Re: atheism & freemasonry - can they coexist?
I found this forum by accident and as a Freemason I think I need to set you people straight.
First off yes most definitely atheism and Freemasonry can coexist. The founding fathers were Freemasons and were hard core secularists as am I. It is essential to keep religion out of our schools and our politics. A very well known Freemason by the name of Thomas Jefferson said “It does me no injury for my neighbor to say there are twenty gods or no God. “ I have supported the atheist movement for a long time and am disturbed that you people do not know the roal the Freemasons have played in allowing a secularist movement to happen. America was set up as the first secularist state by Freemasons. Everyone is Free to believe or not believe whatever they want and any good Freemason would defend your right not too believe as strongly as they would defend their own right too believe. I personally am a deist and am opposed to many aspects of organized religion.
wishcraft you are a either a liar or those were not freemasons. Joining the Freemasons takes time and effort on your part and no Freemason will just come up and ask you to join let alone attempt to force you. That would be against the fundamentals of freemasonry. If you wanted to join you would have to get in contact with a lodge and go through a process of evaluation before joining. Also considering the vast amount of money the Freemasons give to charity every year, I fail to see how it is a scheme of any kind. There isn’t much money involved in joining or being a part of the Masons, mostly just going to fund rising dinners and things like that. Those normally go to charities or for operating costs and renovations for the lodge.
Like Jefferson I have no problem with atheists and I have many atheist friends. I think you would be hard pressed to find a Freemason that wants to put down atheists. BTW: There is no gold, the illuminati doesn’t exist, and we are not a religion. You’re not even supposed to discuss religion in a lodge meeting probably because we have many people of different faiths.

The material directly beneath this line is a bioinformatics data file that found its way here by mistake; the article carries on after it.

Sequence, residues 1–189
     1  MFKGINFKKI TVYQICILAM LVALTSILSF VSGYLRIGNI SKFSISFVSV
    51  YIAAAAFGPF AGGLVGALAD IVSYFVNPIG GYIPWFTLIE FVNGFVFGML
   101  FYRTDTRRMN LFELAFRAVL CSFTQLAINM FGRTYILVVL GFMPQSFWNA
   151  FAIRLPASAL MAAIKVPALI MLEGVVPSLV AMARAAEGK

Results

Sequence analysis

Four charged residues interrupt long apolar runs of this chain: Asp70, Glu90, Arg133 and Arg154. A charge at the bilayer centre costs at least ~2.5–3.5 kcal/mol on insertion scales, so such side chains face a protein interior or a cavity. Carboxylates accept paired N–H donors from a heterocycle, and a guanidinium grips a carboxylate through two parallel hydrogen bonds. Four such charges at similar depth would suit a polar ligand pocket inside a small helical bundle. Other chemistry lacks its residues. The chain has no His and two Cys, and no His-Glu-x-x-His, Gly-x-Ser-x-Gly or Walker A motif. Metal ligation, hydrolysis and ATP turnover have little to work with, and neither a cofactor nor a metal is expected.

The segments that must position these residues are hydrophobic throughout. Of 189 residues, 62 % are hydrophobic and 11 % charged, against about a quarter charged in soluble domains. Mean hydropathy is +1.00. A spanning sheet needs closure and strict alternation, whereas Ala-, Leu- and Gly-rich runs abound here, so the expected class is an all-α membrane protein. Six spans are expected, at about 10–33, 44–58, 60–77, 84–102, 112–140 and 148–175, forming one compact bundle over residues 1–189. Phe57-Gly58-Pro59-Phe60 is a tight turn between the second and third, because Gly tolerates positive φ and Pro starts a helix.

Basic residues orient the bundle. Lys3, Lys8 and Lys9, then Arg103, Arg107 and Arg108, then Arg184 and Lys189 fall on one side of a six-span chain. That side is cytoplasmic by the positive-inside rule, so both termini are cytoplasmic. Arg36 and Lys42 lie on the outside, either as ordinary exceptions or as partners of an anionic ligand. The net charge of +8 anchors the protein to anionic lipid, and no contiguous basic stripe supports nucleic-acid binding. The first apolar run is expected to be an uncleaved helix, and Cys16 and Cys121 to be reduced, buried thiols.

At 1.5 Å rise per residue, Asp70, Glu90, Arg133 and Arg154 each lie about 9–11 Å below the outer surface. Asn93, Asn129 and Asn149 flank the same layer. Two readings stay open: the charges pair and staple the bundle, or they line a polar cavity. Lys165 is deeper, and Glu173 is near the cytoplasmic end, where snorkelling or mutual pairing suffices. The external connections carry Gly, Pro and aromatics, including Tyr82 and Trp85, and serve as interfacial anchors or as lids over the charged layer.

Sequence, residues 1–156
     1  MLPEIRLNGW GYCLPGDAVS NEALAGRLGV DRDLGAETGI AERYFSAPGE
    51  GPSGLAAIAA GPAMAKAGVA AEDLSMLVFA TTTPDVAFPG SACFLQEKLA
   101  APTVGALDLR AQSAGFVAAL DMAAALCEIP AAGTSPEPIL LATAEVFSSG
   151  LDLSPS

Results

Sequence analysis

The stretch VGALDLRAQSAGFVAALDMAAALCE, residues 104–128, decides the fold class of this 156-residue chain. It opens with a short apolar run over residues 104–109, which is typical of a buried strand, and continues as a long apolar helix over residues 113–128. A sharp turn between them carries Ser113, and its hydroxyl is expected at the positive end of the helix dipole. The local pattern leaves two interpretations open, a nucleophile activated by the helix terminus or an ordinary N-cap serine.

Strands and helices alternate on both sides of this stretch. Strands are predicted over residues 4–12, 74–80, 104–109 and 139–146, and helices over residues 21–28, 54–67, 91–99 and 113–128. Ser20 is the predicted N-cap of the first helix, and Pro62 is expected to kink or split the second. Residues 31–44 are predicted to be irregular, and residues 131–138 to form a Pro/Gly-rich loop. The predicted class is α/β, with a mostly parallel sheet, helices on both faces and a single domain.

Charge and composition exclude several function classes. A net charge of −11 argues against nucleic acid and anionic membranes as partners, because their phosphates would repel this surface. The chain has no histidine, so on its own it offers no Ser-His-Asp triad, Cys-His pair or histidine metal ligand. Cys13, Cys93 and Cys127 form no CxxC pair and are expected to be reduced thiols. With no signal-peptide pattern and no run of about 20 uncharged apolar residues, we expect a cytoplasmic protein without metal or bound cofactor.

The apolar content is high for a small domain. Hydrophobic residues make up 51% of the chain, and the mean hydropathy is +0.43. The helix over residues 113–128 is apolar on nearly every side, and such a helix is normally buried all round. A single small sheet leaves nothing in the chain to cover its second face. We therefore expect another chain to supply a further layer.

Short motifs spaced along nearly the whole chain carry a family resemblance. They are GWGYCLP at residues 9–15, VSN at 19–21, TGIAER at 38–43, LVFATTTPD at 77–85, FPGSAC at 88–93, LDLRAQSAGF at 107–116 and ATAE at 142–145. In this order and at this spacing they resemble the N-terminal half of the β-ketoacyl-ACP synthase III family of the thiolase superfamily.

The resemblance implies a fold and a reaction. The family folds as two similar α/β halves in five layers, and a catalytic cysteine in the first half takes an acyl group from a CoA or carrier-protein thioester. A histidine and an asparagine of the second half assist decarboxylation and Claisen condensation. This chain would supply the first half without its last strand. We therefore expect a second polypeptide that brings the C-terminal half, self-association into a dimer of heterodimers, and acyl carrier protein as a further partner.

davo 27th February 2009 09:57 AM

Re: atheism & freemasonry - can they coexist?
good points Sharpie44, I am still evaluating my stance, as I have limited information on the current status of freemasonry, but point you at some issues as I see it.

I will also point you at as I find the us-centric approach of many of the folk from your country quite annoying in discussions. There is more to the world than your country.

My assumptions are based on the Masonic temples, the churches, in 1717, a United Grand Lodge was formed in London, using Dr. John Anderson's Constitution to standardize the rituals and practices. Anderson had stipulated in his Constitution that:
A Mason is obliged, by his tenure, to obey the Moral Law: and if he rightly understands the Art, he will never be a stupid Atheist nor an irreligious libertine....
This has carried thru to today, and I also point you to the United Grand Lodge of Englands website :
"Freemasonry is not a religion, nor is it a substitute for religion. It demands of its members a belief in a Supreme Being but provides no system of faith of its own. "

"The names used for the Supreme Being enable men of different faiths to join in prayer (to God as each sees Him) without the terms of the prayer causing dissention among them.

There is no separate Masonic God; a Freemason's God remains the God of the religion he professes.

Freemasons meet in common respect for the Supreme Being, but He remains Supreme in their individual religions, and it is no part of Freemasonry to attempt to join religions together. There is therefore no composite Masonic God. "

"The Bible, referred to by Freemasons as the Volume of the Sacred Law, is always open at every Masonic meeting."

"Freemasonry is far from indifferent to religion. Without interfering in religious practice it expects each member to follow his own faith, and to place above all other duties his duty to God, by whatever name He is known. Its moral teachings are acceptable to all religions.

Freemasonry is thus a supporter of religion."
Whereas Freemasonry can be argued as Secular, it is not Atheist.